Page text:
Re: GN 31000-31300 series: Double- or single-sheathed?

Richard Hendrickson

On May 2, 2007, at 10:34 PM, scott1gn wrote:

Wow do we have a different opinion!
The difference between us is not one of opinion, it is a difference of
fact. vs. fallacy.

Obviously I have a different perspective on Richard's critique of the
caption(s) in my book. If it is not obvioius, the caption information
was not intended to call out every detail nauance of the car series -
nor do most freight pictorial books of a similar format for that
Authors do, however, have an obligation to cite the facts they put in
captions correctly, and your caption for this photo was full of errors.

Actually based on information listed in more than one GN Freight Car
Diagram book the doors are described as 'Camel' and the roof is
described as 'Murphy ...' so I would count these as two more items
that are basically correct in the caption (that would make four?).
Also the draft gear is described as Miner - air brake is AB
(information in 1951 digram books forward). Westinghouse KC was
removed way before the time period focus of the book (late 60s)-
there is only so much room on a page ... (that one does not count as
a negative strike against me).
As has been pointed out by others, diagram books are useful but not
entirely trustworthy, and the often-cryptic information they contain
must be correctly interpreted in the light of other information. I
have a large collection of diagram books from many railroads and
private car owners, and I have learned never to trust them as a sole
source of information. Some are highly detailed and, for the most
part, accurate. Others are sketchy at best. The GN diagram books (I
have three separate issues from different years) fall somewhere in the

Fact 1: Though Camel made doors, they did not make corrugated steel
doors, only the hardware for them. GN (and other) diagram books refer
to "Camel" doors because they had Camel hardware, and that was what
most often needed repair or replacement. (Incidentally, I'm sure
Staffan's recollection of having seen a photo somewhere of a 31000
series car with a wood door is mistaken; it defies credulity that the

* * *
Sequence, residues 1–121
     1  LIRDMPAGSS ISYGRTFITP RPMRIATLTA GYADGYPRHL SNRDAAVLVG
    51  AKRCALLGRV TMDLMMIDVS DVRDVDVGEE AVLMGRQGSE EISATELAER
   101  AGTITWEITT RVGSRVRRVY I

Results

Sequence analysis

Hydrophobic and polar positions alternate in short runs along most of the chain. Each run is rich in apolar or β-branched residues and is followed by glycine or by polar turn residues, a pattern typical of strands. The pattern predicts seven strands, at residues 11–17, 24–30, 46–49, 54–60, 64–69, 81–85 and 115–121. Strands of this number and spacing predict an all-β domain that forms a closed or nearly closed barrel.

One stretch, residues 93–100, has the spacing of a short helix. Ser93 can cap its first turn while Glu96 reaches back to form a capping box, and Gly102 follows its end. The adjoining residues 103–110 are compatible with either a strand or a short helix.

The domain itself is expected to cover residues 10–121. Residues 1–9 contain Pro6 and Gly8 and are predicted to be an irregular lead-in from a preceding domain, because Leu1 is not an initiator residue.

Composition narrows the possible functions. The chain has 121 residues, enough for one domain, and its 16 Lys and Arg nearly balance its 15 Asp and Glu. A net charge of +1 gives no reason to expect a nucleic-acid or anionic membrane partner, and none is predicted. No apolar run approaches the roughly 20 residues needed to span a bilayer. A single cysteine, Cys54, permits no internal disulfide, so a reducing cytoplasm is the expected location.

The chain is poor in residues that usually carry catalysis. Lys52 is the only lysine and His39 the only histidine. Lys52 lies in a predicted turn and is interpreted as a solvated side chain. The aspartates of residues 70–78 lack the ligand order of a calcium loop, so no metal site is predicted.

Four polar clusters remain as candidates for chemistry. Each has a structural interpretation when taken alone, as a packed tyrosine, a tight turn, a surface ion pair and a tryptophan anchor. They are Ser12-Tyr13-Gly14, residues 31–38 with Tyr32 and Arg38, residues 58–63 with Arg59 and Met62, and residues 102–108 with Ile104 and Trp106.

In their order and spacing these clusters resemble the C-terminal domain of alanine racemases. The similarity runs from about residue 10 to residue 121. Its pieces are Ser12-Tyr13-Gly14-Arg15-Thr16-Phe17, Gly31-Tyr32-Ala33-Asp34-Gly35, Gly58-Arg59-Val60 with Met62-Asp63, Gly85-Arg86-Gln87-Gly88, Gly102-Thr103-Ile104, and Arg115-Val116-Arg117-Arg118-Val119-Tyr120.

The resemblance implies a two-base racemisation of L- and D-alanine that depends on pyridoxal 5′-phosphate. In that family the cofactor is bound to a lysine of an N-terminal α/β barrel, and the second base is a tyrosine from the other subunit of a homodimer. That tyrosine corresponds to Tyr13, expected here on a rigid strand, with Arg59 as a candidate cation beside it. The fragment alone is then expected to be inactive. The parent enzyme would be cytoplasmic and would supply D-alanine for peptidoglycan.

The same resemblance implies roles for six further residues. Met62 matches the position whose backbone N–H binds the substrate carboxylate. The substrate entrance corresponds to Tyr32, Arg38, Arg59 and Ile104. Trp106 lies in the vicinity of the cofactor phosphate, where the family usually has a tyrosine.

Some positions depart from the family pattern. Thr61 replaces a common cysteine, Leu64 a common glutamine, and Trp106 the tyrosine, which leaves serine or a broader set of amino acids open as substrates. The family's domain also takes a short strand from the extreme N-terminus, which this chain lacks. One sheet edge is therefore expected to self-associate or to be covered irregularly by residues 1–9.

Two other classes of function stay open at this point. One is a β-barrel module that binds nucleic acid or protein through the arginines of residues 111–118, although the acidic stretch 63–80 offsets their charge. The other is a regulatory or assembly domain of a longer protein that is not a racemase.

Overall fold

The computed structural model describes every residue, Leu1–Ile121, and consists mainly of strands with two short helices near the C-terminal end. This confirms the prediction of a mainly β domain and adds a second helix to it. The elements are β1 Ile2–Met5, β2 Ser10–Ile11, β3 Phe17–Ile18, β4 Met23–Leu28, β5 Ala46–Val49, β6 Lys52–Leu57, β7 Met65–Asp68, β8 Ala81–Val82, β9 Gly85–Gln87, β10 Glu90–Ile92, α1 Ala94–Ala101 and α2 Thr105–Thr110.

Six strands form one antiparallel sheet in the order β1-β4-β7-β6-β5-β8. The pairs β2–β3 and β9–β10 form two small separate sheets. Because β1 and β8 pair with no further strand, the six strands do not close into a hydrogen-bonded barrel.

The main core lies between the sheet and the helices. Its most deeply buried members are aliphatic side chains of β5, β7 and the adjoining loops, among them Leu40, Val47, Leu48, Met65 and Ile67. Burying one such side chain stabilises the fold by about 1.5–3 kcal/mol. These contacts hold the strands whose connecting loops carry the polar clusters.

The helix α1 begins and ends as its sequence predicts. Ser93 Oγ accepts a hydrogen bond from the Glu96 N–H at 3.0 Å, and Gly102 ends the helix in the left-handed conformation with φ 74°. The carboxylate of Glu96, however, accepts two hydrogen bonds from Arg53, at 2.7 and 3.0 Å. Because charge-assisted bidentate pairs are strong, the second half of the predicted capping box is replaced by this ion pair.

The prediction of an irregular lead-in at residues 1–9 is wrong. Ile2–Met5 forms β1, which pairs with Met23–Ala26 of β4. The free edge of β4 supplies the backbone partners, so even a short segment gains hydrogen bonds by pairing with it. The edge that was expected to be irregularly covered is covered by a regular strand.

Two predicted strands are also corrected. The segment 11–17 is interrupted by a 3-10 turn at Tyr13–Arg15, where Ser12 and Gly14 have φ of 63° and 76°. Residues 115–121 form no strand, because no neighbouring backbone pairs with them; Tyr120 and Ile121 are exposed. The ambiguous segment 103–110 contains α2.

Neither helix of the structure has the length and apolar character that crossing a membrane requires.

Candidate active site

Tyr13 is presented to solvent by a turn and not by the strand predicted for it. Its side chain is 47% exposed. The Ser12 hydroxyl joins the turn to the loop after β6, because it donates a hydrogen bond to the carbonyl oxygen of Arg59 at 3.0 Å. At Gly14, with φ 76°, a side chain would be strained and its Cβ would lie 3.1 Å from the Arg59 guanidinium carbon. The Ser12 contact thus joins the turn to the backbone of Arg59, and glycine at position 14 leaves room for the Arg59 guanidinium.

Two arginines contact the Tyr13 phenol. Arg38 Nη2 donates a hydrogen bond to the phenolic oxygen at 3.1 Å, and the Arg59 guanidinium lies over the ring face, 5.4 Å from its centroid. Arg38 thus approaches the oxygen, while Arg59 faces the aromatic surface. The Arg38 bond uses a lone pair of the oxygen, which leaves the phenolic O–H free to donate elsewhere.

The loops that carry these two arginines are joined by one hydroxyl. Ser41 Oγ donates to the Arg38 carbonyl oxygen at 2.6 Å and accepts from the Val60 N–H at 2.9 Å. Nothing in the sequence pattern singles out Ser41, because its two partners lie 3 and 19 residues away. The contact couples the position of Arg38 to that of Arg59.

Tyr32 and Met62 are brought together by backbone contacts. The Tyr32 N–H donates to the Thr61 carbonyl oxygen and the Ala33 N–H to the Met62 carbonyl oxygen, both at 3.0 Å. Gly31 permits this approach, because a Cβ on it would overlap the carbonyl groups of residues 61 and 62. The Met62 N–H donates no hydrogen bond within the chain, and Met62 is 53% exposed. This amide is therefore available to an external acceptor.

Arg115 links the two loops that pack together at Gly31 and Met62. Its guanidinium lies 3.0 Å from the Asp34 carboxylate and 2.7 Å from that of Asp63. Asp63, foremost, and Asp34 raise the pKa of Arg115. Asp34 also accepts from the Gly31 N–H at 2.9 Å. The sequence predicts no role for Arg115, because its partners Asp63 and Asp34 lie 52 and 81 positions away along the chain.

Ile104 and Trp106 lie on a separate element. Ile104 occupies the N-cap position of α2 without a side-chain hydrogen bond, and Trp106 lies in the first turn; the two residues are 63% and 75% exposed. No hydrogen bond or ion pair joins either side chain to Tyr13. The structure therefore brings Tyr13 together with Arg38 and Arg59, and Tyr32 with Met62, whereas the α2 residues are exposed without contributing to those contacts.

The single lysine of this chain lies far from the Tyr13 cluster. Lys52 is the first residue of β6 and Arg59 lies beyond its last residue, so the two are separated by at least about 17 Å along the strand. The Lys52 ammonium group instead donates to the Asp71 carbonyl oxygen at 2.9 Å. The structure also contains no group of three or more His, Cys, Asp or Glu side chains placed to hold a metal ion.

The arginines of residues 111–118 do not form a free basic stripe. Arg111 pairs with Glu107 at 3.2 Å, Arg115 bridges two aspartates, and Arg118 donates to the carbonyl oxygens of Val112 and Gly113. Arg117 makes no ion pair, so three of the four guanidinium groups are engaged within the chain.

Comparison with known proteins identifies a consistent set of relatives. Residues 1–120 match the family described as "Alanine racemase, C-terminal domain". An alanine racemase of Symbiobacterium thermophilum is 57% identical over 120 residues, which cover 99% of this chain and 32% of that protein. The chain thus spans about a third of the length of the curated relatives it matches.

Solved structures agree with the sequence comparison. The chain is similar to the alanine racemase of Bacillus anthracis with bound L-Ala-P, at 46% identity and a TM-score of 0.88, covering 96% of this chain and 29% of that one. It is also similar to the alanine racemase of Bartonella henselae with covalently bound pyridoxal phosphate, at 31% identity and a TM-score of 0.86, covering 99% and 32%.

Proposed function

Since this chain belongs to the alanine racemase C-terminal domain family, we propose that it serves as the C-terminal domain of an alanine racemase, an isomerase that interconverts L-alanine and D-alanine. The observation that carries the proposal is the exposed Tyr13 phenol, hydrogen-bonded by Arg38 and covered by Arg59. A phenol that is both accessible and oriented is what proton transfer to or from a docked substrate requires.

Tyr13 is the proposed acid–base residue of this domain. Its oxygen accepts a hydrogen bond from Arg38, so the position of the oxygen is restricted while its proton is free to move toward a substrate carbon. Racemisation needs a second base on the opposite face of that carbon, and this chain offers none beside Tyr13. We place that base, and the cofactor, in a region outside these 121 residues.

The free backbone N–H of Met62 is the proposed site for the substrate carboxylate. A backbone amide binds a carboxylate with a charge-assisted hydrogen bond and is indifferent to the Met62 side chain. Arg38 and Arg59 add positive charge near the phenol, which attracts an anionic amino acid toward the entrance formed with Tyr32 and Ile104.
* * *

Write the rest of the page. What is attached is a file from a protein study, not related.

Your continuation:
GN would have had these cars built with wood doors and then replaced
them with corrugated steel doors within just a few years, and at the
time these cars were built the application of steel doors had become
almost universal car building practice.)

Fact 2: Murphy was a tradename of the Standard Railway Equipment Co.
and was applied over the years to a number of different roof designs
manufactured by that company. The diagram reference to "Murphy Piv."
was obviously to the Murphy Pivoted Flexible Outside Metal roof, which
photos confirm is what these cars had, not to the Murphy rectangular
panel roof, which was entirely different, was not even manufactured at
the time the cars were built, and - as photos show - was never applied
to these cars as a replacement.

Fact 3: Miner did not make air brake equipment. They made draft gear.
The two manufacturers of both K and AB air brake equipment were
Westinghouse and New York. Your caption confuses the two. The need
for brevity in captions is not an excuse for getting the facts wrong.

Also, Richard's critique reference to the USRA design is taken out of
context from the caption. I did not write that the 31000 series was a
standard USRA design - the line is; 'After World War I the company
opted to build doubled sheathed wood/steel composite box cars similar
to the standard USRA design (reference to car 25947; which is on page
17) which is a double sheathed USRA 'type' - that line does not say
the 31000 series was a standrd USRA design.
No, it doesn't. But it DOES say that the 31000 series cars were
"similar" to the USRA design, a statement with which I don't think any
qualified freight car historian would agree. As I have already pointed
out, the 31000s were "similar" to the USRA cars only in being 40'
single sheathed box cars. Roofs, ends, underframes, doors, and side
framing were all different. We might quibble about what "similar"
means, but to say that they were "similar" is, at best, misleading and
not at all useful.

Obviously I do not believe the caption is 'full of errors' and I
would not classify my self as ignorant about the subject matter. I
guess those pesky GN documents that I used for researching the book
might be incorrect?
Yes, they might be incorrect, and you may (and obviously did)
misinterpret the information you found there.

Bottom line: the caption is, indeed, full of errors. Whether those
errors are a consequence of haste and carelessness or of ignorance,
they're still errors.

Richard Hendrickson

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